They told me they celebrated, took pictures posing with the bodies, proud of their feat. Many have lost their allegiance to their government, they feel deeper disenfranchised, and I am not the only one worried about retaliation.


21 thoughts on “Death in Tivoli Gardens

  1. NattiB says:




    1 LOVE, 1 HEART, 1 GOD.


  2. Johnny2Bad says:

    Chilling…I like your writing and I love Peter’s images. I appreciate your real perspective on things. But, your subject breaks my heart too.

    When I was in high school, I had an english teacher by the name of Mr. Brooks. In spite of his best efforts, our class of rowdy boys each day slipped into anarchy…out of his control. He would sigh and mutter “slavery is not over”.

    I always wondered what he meant by that. Today I get it. Your story is another portrait of what Mr. Brooks meant. Jamaica is defined by an enduring legacy of division between two populations. That’s the way is has been since the days of slavery and that is the way it is today. One side has helicopters, organised guns and the law on their side, the other has none of these. Full emancipation has been slow in coming…”but none of them can stop the time”


  3. Lee says:

    I am really bothered by the things that are happening in JA. I am an jamerican lol.. (Yankee bwoy) but my family is from tivoli and some are still there. To see the painand suffering that they have to endure on a daily basis is really troubling. When will the world realize that violence is never the answer we need a change and we need it now. God is coming back for his earth and we need to get it right.

  4. Aliana says:

    This is really good, great writing. It would have helpful though and more insightful had you explained what really happened here. Who were the people that had died..why were they killed…what exactly happened? Don’t make it impersonal, personalize it. Don’t be so vague, it disconnects others. If you really feel for the situation at hand..explain the situation at hand… Don’t just go for the shock value of pictures with blood and gore.

    Also it is not as if you are writing for only a few..are you? Others, strangers, will stumble on this blog and vague really won’t help for them, let them know the story of the pictures you show…not just how you felt about what you saw.

    I look forward to your other articles.

  5. LadyJazz says:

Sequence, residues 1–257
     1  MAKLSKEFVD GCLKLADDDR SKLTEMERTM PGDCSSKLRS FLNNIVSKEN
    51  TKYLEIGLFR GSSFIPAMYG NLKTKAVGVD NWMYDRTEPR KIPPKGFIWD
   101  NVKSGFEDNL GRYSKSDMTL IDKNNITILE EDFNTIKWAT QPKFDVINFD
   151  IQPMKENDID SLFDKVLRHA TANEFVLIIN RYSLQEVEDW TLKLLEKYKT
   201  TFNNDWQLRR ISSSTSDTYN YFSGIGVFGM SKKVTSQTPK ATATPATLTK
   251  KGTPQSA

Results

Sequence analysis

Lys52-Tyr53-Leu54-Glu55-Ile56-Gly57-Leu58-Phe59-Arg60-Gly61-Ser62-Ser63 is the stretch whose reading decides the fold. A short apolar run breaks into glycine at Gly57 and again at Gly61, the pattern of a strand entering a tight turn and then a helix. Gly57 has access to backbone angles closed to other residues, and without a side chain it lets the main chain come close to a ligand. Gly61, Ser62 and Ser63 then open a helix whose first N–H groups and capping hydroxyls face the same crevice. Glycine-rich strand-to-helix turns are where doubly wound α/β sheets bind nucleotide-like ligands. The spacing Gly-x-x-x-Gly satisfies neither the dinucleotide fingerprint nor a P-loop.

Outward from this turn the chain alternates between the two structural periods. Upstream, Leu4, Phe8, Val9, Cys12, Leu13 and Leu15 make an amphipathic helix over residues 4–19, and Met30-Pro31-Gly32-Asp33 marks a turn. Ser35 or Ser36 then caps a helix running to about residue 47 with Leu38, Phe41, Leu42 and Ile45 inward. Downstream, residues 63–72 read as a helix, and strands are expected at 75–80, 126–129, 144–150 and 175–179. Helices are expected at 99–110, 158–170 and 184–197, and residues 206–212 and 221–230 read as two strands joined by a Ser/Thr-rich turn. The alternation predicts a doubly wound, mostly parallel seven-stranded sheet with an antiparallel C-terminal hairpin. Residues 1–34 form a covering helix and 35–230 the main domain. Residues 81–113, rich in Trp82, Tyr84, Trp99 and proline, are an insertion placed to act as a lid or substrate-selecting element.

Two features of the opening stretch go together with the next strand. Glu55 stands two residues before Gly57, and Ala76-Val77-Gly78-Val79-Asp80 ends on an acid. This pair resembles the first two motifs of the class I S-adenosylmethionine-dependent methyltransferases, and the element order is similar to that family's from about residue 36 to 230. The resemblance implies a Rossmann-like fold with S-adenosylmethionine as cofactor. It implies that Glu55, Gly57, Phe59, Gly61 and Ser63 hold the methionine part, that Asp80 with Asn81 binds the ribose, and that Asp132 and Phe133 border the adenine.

Thanks for your insight , but this has been happening for years and this is why the people of TG are arming themselves. The police is there to protect but when there are ROGUE officers who think because they belong to one party they can run a raid anytime they are wrong Thats why there are so many JAMAICANS living abroad this is what they are afraid of Keep writing GOD BLES YOU

  6. marcia vernon says:

    TG people need to be treated like humanbeen i am sick of the spell that they have cast on those people down there police and the wider jamacian same thing they have been doing with norwood glendevon and spanish town wake up people wait untill the police reach your door TG STONG STRONG I AM A JAMACIAN TOO KEEP THE CHEERS GOING FOR YOU community

  7. marcia vernon says:

    panter with the trouble communities to build a better nation stop tearing them down STOP MAKING THE PERSON IN THEM FEELING LESS THAN THER ARE.mister and mitress big and rich because many of u use these same men an the communities they live in for you dirty job

  8. Dread says:

    The fisrt and only rule is, the people must be first in all that man-kind do.
    Un till then there will be no justice on EARTH, just war.
    One Love

  9. Scuba Guy says:

    I admire the gripping story and the horrifying pictures presented. But I must ask the many who think this is a one way affair…. where are the guns used by these dons and criminal elements coming from? Secondly, have any of you ever heard a mother or sister come out from TG and say my son/brother was not always a good man, and I told him to stop the violence.

    Time and time again these garrisons cripple our country. Our warm hospitality and culture is no longer revered by the world because of these thugs. The unfortunate thing is, it ripples all across the country